The Rotavirus Accelerated Vaccine Introduction Network (RAVIN) provided technical support to countries considering introducing the rotavirus vaccine into their national immunization programs. JSI worked closely with Ministries of Health and in-country partners in focus countries to support the successful introduction of the vaccine.
Diarrhea is one of the world’s leading killers of children, and rotavirus is the most common cause of severe diarrhea. Each year, rotavirus kills about 200,000 children and hospitalizes hundreds of thousands more, despite the availability of safe, effective rotavirus vaccines that can protect children from disease and death. Over 90 million infants worldwide lack access to the vaccine – tens of millions of whom live in Gavi-focus countries that have not yet introduced the vaccine into their health systems.
In 2015, the Bill & Melinda Gates Foundation awarded RAVIN to the Johns Hopkins Bloomberg School of Public Health’s International Vaccine Access Center (IVAC), in collaboration with JSI and the Centers for Disease Control and Prevention (CDC) to provide rotavirus vaccine support to focus countries: Afghanistan, Bangladesh, Benin, Laos PDR, Cambodia, Democratic Republic of Congo (DRC), Myanmar, and Nepal.
RAVIN complemented existing efforts of the Ministry of Health and key partners in each focus country to facilitate the decision, planning, and introduction processes for the rotavirus vaccine. RAVIN’s diverse team of experts provided country-specific support to meet focus countries where they are in their decision-making process. RAVIN’s process started with stakeholder identification, proceeded to formal situational assessment to identify major barriers to rotavirus vaccine introduction, and culminated in the provision and mobilization of support to address identified barriers. The project goal was to increase attention to rotavirus vaccines in global and regional discussions and better leverage resources for sustainable country-based introduction.
IVAC led advocacy efforts to accelerate the decision-making process, and RAVIN built on existing relationships such as those with Gavi, WHO, and Unicef, to leverage existing resources. Other established partners included the Rotavirus Organization of Technical Allies (ROTA) Council, PATH, and the London School of Hygiene and Tropical Medicine (LSHTM) for costing and cost-effectiveness support. RAVIN served as a connector between key partners, linking systems and guiding the introduction and integration of rotavirus vaccines into routine immunization programs. RAVIN enhanced local capacity for the future and contributed to sustainable, equitable, and timely vaccine introduction and uptake for future generations.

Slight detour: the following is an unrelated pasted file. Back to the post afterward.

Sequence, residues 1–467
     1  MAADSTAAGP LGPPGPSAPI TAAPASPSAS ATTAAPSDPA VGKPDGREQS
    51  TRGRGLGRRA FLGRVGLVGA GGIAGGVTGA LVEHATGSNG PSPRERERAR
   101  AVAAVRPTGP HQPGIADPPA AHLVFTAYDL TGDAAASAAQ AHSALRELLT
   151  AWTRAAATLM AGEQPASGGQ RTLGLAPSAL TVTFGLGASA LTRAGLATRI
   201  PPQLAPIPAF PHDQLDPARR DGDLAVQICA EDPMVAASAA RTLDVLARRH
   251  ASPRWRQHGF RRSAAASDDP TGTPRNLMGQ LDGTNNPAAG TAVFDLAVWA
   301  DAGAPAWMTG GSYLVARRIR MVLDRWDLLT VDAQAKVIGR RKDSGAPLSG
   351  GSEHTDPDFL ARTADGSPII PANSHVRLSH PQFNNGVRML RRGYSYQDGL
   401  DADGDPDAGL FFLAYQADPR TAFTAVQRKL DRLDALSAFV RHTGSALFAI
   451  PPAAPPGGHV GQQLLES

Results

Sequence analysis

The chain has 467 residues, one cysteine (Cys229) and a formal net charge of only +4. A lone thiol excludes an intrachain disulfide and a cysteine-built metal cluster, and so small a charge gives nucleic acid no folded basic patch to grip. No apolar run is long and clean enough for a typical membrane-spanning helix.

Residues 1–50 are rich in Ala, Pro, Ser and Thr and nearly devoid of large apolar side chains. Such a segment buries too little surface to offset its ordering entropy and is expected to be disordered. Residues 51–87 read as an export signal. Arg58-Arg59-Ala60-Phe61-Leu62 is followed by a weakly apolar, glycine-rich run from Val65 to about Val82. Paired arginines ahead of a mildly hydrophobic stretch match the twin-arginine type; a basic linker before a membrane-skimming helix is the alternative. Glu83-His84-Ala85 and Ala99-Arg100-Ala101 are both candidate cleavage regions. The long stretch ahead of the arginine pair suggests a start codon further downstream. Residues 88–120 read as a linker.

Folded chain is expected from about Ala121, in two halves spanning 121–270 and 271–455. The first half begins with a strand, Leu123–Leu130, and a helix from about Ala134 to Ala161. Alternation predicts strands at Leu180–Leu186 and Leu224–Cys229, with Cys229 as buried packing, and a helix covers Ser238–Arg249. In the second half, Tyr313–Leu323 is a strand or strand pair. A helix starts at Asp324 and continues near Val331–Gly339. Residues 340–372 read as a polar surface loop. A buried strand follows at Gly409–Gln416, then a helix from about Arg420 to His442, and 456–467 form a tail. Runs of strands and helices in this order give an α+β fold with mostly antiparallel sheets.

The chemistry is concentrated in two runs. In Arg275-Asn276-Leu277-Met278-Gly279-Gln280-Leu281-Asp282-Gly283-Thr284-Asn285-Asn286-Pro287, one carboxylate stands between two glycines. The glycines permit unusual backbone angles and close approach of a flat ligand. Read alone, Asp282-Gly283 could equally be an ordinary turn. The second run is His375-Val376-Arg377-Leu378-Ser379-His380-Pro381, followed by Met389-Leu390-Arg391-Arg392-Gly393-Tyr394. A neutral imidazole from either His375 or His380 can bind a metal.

JSI's technical assistance included developing quality introduction grant applications to Gavi, contributing to comprehensive introduction planning and roll-out of the vaccine in-country, and providing post-launch supportive supervision and monitoring. In addition, the project maximized opportunities at regional meetings and through its networks to support accelerated decision making and rotavirus introduction in other countries in the African and Asian regions.
As of 2022, five RAVIN countries have successfully introduced the vaccine into their routine childhood immunization programs.
Watch this video to learn more about how RAVIN combats preventable childhood deaths.
Watch this video to learn more about how communications propelled a successful rotavirus vaccine introduction in Benin.
Rotavirus Accelerated Vaccine Introduction Network (RAVIN) is a partnership between the Johns Hopkins Bloomberg School of Public Health International Vaccine Access Center (IVAC), JSI Research & Training Institute, Inc. (JSI), and the U.S. Centers for Disease Control and Prevention (CDC).